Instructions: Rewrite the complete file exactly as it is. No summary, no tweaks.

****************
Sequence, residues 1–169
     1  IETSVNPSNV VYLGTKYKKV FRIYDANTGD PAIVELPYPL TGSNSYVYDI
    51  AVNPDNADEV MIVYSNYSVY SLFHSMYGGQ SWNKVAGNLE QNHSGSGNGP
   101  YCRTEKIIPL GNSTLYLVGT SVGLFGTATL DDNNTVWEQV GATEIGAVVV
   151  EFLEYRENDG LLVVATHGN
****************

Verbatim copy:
Sequence, residues 1–169
     1  IETSVNPSNV VYLGTKYKKV FRIYDANTGD PAIVELPYPL TGSNSYVYDI
    51  AVNPDNADEV MIVYSNYSVY SLFHSMYGGQ SWNKVAGNLE QNHSGSGNGP
   101  YCRTEKIIPL GNSTLYLVGT SVGLFGTATL DDNNTVWEQV GATEIGAVVV
   151  EFLEYRENDG LLVVATHGN